Student-athletes wanting to get an immediate waiver of eligibility by the NCAA, following a transfer, is about to get much more difficult.
USA TODAY’s Dan Wolken reported Wednesday the NCAA Division I Council is expected to approve a package of new guidelines that will make it more difficult for college football and basketball players who transfer to receive immediate eligibility.
Through a document Wolken obtained from the NCAA, the council is scheduled to meet Wednesday and review the new guidelines. The updated language, according to Wolken, appears to narrow the circumstances in which student-athletes should be given waivers and raises the documentation requirements to obtain them.
Clemson’s compliance office, as well as the other schools at the Division I level, were made aware of the new proposals last week.
The current language for immediate eligibility has not affected the Clemson football program to this point. Earlier this summer, linebacker Shaq Smith transferred to Maryland upon receiving his degree from Clemson in May. Former running back Tavien Feaster also put his name in the transfer portal, but he will also transfer as a graduate student.
Feaster is expected to graduate from Clemson in August. The NCAA allows graduate student to transfer and play immediately for their new school.
Two players have transferred out of the men’s basketball program at Clemson. However, one was a graduate student in Javan White. Malik William, who redshirt last season due to a concussion and a wrist injury, also decided to transfer. He is still waiting to hear from the NCAA on whether he will receive a waiver to play for SIU this coming basketball season.
Last week, redshirt junior Travis Marr, from the Clemson baseball team, placed his name in the transfer portal. Marr will also be looking to obtain a waiver from the NCAA since he has already used his redshirt season.
The new language the NCAA Division I Council is proposing is not a new set of rules, but new guidelines from the existing rules it will go by, according to Wolken. The NCAA is acting in response to the number of waivers being approved, which a lot of coaches and fans think are inconsistent compared to similar cases.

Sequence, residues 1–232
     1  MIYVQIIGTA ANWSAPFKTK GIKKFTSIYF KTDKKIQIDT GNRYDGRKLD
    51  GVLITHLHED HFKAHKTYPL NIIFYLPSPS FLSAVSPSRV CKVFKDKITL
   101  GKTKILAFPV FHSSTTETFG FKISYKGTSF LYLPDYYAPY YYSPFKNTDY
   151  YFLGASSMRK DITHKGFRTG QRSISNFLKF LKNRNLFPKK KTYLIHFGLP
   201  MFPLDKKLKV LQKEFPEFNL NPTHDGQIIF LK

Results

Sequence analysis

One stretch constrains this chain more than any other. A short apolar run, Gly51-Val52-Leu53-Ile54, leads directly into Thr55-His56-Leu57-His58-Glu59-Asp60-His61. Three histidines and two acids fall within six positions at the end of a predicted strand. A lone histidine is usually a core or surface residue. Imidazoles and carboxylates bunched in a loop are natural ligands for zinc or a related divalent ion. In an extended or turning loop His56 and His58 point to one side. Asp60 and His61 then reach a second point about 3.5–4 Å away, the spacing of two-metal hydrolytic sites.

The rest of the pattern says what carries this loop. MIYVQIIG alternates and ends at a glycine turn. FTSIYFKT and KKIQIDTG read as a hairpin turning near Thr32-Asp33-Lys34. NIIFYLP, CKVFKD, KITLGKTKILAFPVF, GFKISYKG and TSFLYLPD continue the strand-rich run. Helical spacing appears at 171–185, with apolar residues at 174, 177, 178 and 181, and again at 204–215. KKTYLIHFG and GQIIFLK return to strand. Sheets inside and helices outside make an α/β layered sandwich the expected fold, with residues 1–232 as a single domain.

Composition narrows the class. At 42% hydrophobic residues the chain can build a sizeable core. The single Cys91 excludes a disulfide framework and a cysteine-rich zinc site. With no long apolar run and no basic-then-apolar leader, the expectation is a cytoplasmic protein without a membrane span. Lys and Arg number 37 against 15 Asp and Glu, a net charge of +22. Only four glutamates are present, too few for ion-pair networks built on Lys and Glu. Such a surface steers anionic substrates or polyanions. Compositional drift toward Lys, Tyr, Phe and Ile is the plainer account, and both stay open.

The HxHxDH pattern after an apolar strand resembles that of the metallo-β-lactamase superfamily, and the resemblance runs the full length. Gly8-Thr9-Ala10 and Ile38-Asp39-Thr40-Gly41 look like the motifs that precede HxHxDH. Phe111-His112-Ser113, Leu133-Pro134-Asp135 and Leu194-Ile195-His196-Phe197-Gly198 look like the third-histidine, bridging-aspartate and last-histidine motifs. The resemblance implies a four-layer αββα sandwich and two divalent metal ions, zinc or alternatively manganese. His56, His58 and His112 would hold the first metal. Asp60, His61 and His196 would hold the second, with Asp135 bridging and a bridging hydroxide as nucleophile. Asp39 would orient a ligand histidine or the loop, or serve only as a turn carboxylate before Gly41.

Last year, the NCAA implemented its current policy that allowed waivers to be granted on a case-by-case basis as long as the student-athlete proved and had “documented mitigating circumstances outside of the student-athlete’s control and directly impacts the health, safety or well-being of the student-athletes,” Wolken reported.
The new policy allowed Michigan quarterback Shea Patterson to receive a waiver after he transferred from Ole Miss, following the Rebels being hit with NCAA sanctions. But the NCAA also allowed Tate Martell immediate eligibility following his transfer from Ohio State, which followed Justin Fields being granted immediate eligibility to play for the Buckeyes this year after he transferred from Georgia.
Many questioned the NCAA’s decision to grant eligibility in both cases, feeling neither deserved to be granted a waiver based on their circumstances. There were other situations in which student-athletes had more pressing circumstances than Fields and Martell and they were not granted immediate eligibility for this coming season.
According to Wolken, in cases where an athlete was run off by a coach or had their scholarship pulled for non-disciplinary reasons, the NCAA will require a written statement from the athletic director at the former school that states the athlete does not have an opportunity to return to his old team. The committee is being instructed to deny cases where the athletes can’t document they’ve been run off.
The updated version also says waivers should be granted for documented cases in which an athlete was a victim of “physical assault or abuse, sexually inappropriate behavior, racial abuse, religious discrimination, questioning of sexuality by a staff member or student at the previous institution,” according to Wolken.
Last year, a waiver was granted in the above circumstances as long as the previous school did not oppose the waiver.
Wolken reports, the new guidelines will also require transfers within a 100-miles radius of their home due to injury, illness to an immediate family member or pregnancy, more paperwork from both schools, including “a treatment plan detailing the student-athlete’s caregiving responsibilities.”